There are frequent references to Job, the Whore of Babylon, and Death (who does make an appearance late in the novel) that reminded me of old medieval Everyman plays—though a lot dirtier. In the Everyman-type plays, an ordinary man seeks heaven or atonement while life and fate through everything they can at him to try and knock him off the straight and narrow. Without these references, Biberkopf’s story is rather sordid. I mean, it’s sordid anyway, but the references force us to take a step back and think about what we might have done in Biberkopf’s shoes. Would we have been able to go straight with a criminal record and no trade? The closest Biberkopf gets to making legitimate money is selling copies of Völkisher Beobachter, a Nazi newspaper.

Biberkopf and Mitzi, in a still from the 1931 film Berlin-Alexanderplatz

I was entertained by the openings of the chapters that seemed to be taken straight from the front pages of the many newspapers referenced in Berlin Alexanderplatz. While Biberkopf gives us a view of his little corner of criminal Berlin, the excerpts give us a better look at a vibrant city with all sorts of ventures in the offing—they also show us many stories of people reinventing themselves only to be exposed, providing frequent doses of foreshadowing for Biberkopf. These snippets might have been my favorite part of Berlin Alexanderplatz, given my dislike of Biberkopf and the portrayal of the women as hysterical dupes who, for some reason, work to support men like Biberkopf who just mooch off of their earnings.

In translating the word salad that is Berlin Alexanderplatz, Hoffman used low class London accents to try and capture the flavor of Biberkopf’s criminal acquaintances. In fact, there are parts that are translated as “Leave it aht.” I understand why. More English speakers are familiar with how low class Londoners sound—at least from the movies—than they would be with how low class Berliners would’ve sounded. But this struck me as odd more than once as I made my way through the book. I kept forgetting we were in Berlin in 1929 until someone mentioned marks or the litany of S-Bahn (tram) stops started up again. I can’t fault Hoffman too much; this book must have been a monster to translate.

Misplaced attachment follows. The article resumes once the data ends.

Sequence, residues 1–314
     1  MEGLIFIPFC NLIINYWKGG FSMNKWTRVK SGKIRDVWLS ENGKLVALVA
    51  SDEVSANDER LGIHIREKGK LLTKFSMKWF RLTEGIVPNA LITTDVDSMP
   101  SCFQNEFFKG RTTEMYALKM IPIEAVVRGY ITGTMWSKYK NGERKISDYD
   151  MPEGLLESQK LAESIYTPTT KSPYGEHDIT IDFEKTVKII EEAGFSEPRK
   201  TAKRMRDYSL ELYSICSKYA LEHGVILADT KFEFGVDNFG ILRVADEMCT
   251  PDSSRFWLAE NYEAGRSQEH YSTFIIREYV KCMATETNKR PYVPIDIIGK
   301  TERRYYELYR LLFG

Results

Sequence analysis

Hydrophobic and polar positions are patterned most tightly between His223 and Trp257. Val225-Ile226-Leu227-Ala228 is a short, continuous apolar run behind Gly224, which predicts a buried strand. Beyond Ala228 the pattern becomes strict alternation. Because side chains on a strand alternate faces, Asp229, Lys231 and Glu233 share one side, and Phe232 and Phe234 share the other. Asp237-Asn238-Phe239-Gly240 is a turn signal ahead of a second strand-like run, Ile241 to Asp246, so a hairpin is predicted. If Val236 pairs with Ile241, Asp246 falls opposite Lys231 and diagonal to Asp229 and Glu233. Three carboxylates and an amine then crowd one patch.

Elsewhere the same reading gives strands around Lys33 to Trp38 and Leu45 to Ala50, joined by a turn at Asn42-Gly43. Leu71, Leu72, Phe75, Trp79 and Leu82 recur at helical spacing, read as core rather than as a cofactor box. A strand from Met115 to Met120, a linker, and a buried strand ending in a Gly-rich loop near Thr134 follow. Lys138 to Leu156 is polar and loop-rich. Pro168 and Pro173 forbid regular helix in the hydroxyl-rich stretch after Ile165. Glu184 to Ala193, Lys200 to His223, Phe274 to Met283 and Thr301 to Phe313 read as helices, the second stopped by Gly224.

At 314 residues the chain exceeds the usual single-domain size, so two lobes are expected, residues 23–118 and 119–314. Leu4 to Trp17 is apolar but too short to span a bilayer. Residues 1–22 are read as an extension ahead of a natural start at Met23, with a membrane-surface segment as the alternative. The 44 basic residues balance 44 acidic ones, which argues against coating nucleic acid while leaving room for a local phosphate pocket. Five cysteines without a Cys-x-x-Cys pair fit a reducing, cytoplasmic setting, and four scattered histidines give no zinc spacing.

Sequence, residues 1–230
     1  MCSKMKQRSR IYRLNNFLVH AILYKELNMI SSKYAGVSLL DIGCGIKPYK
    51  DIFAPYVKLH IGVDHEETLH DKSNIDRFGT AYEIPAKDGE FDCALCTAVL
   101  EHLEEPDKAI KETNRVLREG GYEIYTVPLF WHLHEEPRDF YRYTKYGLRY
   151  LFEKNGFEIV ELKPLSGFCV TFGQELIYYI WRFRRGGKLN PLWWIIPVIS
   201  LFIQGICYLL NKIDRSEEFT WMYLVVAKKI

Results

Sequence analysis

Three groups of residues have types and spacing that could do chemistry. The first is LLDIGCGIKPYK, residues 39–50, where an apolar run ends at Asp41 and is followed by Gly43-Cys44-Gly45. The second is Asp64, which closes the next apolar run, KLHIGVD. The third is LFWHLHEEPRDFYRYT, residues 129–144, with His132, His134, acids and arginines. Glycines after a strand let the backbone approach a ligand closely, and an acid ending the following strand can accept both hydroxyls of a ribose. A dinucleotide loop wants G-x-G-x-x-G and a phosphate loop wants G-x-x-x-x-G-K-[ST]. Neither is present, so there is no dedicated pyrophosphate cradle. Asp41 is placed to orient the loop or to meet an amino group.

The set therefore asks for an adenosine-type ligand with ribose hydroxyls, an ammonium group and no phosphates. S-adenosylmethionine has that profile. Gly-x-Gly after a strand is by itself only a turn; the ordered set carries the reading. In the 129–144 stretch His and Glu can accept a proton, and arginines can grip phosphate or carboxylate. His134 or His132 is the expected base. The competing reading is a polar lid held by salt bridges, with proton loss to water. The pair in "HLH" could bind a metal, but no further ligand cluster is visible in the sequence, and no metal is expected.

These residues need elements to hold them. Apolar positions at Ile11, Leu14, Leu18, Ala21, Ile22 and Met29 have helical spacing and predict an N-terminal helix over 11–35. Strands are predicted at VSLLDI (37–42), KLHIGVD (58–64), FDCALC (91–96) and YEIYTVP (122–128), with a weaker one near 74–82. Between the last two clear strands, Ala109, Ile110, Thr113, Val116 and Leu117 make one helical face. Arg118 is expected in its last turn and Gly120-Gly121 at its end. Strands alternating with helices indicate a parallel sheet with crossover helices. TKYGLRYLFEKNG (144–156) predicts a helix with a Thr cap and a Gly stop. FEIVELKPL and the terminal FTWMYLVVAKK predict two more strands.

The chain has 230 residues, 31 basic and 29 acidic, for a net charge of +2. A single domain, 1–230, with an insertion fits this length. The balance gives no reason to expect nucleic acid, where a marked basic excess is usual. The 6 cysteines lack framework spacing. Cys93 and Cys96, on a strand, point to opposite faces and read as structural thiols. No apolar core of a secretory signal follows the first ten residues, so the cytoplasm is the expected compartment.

Even though it was a challenge and I hated the protagonist, I’m glad I decided to read Berlin Alexanderplatz. It really does capture a time and a place that was definitively lost a few years after the book was published. More than that, the Weimar-era is a time and place that personally fascinates me because it gave rise to Hitler and National Socialism. There are hints of what’s coming in this book, but the sense I got was that everyone seemed like the party and the liberties would continue forever—except for the doomed Biberkopf, anyway.

I received a free copy of this book from the publisher via Edelweiss, for review consideration.

classics · review

City Folk and Country Folk, by Sofia Khvoshchinskaya

Country Folk and City Folk